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Title: Inherent Defect Size: Calculation and Use For composite Materials

Source: In: Proceedings of 16th US National congress of theoretical and applied mechanics. 2010 June 27-July 2. State College, PA. State College, PA: The Pennsylvania State University; Paper Number 990; 2010

Author(s)Considine, John M.; Vahey, David W.; Rowlands, Robert E.; Turner, Kevin T.

Publication Year: 2010  View PDF »

Category: Conference Proceedings
Associated Research Project(s):   FPL-4709-5A

Abstract: The multi-step production of composite materials tends to increase the number of manufacturing defects. Composite materials considered here contained a variety of structural defects. Stresses induced by structural defects interact with each other during component loading in that the stresses are altered, either beneficially or detrimentally. The present method proposes a modification to the traditional ASC (Average Stress Criterion, [1]) such that an inherent defect size can be estimated. An inherent defect is defined as the strength-controlling material feature, which need not be physically present but rather represents the structural disorder of the material. This modified ASC (MASC) was applied to several composite materials including paper, oriented strandboard (OSB), graphite- and glass-epoxy composites, and a non-composite material, a polysilicon film; estimated inherent defect sizes scaled with material characteristics. Sizes ranged from 0.29 μm for a polysilicon film to 1.94 mm for OSB composite. The polysilicon film was included to evaluate the sensitivity of the defect calculation.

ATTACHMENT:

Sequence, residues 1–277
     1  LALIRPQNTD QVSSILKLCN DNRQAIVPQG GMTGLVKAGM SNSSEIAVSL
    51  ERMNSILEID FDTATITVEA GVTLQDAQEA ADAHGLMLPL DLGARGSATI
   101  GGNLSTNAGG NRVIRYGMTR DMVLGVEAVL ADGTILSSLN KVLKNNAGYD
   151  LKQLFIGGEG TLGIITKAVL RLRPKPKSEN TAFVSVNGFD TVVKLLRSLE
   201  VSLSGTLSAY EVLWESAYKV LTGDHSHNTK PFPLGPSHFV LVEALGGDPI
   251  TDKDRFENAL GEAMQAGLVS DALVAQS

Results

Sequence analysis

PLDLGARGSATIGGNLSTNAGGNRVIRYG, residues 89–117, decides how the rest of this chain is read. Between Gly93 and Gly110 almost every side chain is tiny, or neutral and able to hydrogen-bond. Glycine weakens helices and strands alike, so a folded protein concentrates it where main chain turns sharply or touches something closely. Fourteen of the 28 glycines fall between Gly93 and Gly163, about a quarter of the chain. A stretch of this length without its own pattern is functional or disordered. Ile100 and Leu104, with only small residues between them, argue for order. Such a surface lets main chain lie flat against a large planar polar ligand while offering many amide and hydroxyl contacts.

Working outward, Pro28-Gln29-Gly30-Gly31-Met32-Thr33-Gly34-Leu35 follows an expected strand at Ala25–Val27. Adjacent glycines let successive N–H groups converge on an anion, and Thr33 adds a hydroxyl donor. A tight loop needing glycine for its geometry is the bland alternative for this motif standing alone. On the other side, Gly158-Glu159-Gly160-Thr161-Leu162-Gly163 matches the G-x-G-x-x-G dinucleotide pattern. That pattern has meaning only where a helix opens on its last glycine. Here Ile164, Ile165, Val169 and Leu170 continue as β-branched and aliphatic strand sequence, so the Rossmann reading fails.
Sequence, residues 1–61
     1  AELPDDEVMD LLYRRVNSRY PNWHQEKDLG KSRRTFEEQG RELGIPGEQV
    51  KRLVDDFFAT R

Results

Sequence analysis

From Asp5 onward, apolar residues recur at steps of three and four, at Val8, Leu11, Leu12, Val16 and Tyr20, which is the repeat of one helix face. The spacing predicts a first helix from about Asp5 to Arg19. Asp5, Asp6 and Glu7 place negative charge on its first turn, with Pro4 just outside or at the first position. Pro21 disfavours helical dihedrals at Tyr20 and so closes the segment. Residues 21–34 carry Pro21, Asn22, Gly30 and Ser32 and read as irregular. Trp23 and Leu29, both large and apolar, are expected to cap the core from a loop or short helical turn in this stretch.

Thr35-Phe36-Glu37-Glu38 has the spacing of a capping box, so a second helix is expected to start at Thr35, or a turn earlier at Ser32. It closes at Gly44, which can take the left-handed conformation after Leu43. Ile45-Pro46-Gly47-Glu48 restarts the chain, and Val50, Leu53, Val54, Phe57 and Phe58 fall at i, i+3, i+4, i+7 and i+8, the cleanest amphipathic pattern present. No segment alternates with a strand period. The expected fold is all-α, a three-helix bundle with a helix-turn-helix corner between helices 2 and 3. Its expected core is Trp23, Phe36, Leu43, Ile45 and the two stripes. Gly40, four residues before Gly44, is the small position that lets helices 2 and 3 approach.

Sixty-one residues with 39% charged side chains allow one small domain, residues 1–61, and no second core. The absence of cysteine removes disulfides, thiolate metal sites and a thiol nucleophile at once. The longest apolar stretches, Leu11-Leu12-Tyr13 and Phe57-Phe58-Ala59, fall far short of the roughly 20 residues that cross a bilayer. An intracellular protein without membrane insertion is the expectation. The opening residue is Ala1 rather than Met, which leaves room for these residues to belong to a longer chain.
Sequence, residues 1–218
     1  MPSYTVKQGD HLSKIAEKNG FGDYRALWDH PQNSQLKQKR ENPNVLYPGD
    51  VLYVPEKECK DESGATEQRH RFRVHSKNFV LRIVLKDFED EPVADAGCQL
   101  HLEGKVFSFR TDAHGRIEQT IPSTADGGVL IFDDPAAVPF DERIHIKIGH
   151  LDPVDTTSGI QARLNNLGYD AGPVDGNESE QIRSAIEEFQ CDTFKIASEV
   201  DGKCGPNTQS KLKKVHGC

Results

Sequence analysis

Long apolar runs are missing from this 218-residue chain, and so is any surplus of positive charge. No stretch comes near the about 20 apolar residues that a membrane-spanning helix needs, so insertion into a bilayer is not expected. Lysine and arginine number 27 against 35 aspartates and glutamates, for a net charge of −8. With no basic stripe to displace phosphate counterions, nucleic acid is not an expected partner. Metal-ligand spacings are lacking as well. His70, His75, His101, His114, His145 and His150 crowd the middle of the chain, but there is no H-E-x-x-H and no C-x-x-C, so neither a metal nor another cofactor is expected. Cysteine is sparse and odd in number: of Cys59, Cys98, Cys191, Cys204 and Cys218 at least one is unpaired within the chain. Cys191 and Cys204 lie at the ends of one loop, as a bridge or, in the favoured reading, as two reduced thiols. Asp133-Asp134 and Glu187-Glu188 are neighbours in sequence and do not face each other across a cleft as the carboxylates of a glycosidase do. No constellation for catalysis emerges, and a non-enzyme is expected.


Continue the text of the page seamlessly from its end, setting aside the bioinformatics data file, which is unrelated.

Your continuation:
Keywords: Composite materials, mechanical properties, testing, strains, stresses, defects, particle board, paper, thin films, failure, strength, oriented strandboard, OSB, tensile strength, compressive strength

Publication Review Process: Non-Refereed (Other)

File size: 68 kb(s)

Date posted: 05/16/2011
RITS Product ID: 36623
Current FPL Scientist associated with this product
Considine, John M.
Materials Research Engineer

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